While there is no “one size fits all” when it comes to screening for denied and restricted parties, from an export compliance standpoint, there are some tried, tested and true screening best practices that our long history in the industry has shown us better helps organizations stay on the right side of the export, financial and trade compliance laws.
In this installment of our Trade Compliance 101 series, we provide an overview of some of the best ways to help optimize restricted party screening compliance.
The “who” can be broken down into two parts:
- Who should be screened?
- Who should do the screening?
The answer to the first is simple—everyone with whom an organization does business should be screened. Even if not exporting a product or good, payment may be processed through a US bank, or in USD. This then makes screening everyone especially important given that these transactions fall under the jurisdiction of the US Department of the Treasury’s Office of Foreign Assets Control (OFAC), regardless of geographic location.
It’s worth noting that as of the posting of this article, OFAC alone has levied over $1.2B in monetary penalties so far this year. Compare that to just over $71M total in 2018 and it’s clear that OFAC is casting a wider net than in years past. Likewise, the Bureau of industry and Security (BIS) issued over $1B in fines in 2018, compared to $287M in 2017.
As to the latter—who should screen—that really depends on the internal structure of the organization, the risk appetite, resources available, and so on. That said, to fully optimize denied party screening compliance, virtually everyone within an organization who interacts with a potential client, existing or repeat customer, supplier, vendor, and visitor et al., should be responsible for screening their respective contacts. Ideally there should be a record kept that demonstrates screening took place and that they are safe to do business with.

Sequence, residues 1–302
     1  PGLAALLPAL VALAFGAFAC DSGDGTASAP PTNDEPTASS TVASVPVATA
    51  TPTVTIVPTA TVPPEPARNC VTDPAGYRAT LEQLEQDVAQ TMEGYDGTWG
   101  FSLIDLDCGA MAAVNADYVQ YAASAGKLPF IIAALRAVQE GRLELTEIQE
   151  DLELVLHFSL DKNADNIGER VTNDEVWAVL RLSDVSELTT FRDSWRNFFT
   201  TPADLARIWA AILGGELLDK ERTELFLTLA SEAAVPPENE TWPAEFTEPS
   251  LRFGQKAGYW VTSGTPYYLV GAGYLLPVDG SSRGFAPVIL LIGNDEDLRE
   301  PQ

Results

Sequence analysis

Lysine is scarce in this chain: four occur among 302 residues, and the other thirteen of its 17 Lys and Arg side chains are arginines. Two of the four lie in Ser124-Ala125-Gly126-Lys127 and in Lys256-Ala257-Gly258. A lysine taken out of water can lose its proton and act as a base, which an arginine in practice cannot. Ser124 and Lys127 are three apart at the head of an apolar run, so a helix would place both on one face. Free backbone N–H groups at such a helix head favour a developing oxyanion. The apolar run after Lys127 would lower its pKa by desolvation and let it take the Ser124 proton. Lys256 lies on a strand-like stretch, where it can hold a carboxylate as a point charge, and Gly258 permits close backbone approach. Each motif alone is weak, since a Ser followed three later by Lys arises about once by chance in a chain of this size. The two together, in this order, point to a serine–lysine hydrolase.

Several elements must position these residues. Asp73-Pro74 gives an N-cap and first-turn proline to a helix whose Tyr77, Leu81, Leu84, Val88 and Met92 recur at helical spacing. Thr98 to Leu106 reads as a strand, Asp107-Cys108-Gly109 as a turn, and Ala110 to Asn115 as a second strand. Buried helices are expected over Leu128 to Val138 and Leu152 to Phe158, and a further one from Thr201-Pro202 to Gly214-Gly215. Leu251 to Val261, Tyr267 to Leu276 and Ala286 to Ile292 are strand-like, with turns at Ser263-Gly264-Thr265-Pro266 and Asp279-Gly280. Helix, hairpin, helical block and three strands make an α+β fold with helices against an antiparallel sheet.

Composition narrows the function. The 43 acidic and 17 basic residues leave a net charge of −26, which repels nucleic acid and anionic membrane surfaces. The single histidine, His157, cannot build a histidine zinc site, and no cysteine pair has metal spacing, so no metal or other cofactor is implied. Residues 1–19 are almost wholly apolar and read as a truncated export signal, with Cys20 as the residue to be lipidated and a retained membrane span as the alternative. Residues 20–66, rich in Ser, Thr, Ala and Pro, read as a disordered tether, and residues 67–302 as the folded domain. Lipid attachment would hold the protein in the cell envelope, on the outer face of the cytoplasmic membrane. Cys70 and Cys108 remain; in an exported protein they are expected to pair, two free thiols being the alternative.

For any product or good destined for export, the customer should be screened. And, for optimized compliance, measures taken to ensure the purchaser is also the end user. As noted above, there are also OFAC considerations to take into account with regards to transacting in USD or processing through US financial institutions.
Ideally, screening for denied parties should take place at multiple points in the sales cycle, or throughout an ongoing business relationship. Along with the typical department tasked with doing the screening for their respective areas, the below includes, but is not limited to:
- Upon first meeting a contact (Sales)
- When point of contact or sale is first made (eCommerce, Sales)
- When payment is processed (Accounts Payable)
- When the order is about to be shipped (Logistics, Warehouse)
- When an order is placed with a vendor/supplier (Procurement)
- When a contract is about to be signed (Legal)
- During a planned or impromptu arrival of a visitor (Security, Reception Admin)
- When a repeat customer places an order (Sales, Customer Service)
- Or anytime finances are about to change hands (potentially all the above)
As mentioned above, to cast the widest export compliance net as possible, screening should take place at the onset of a transaction (or even before pursuing the sale), and then again at various points throughout the business relationship. This is mainly due to the frequency in which watch lists change—often daily. For example, someone may place an order today, and by the time the item is ready to be shipped, they may have been placed on a denied party watch list.
Likewise, sanctions and embargoes are constantly in flux, so there are also potential export license considerations to account for.
As to how denied party screening is performed, that is dependent on the organization. Smaller organizations may only need to perform a few screens a week. In such cases, because multiple mandatory lists must be used, an online denied party screening application should be sufficient.
Medium- to large-sized companies—or those with high transactions volumes ranging anywhere from a few hundred, to thousands or millions a week—would benefit from an automated restricted party solution that screens directly in one or more business systems. This helps free up staff hours by eliminating an additional manual step in the sales process, and redirects them to other core areas of the business.
Other time-saving screening options are using a daily re-screening service to re-screen every record previously entered on a daily, weekly or monthly basis. This helps remove the doubt that existing records won’t fall through the cracks as you’ll be notified if a match ever occurs. Additionally, initial and periodic bulk screening to screen any number of records all at once—the former to help bring a new export compliance program quickly up-to-speed by screening existing records, the latter to do a periodic health check to help confirm no individuals or entities were not screened in the interim.
The Wrap Up
We hope you found this article of interest, and that if you take away anything from the above, it’s that organizations should screen early—and screen often. Watch lists are constantly in flux, and maintaining constant due diligence is the best way to keep the feds away.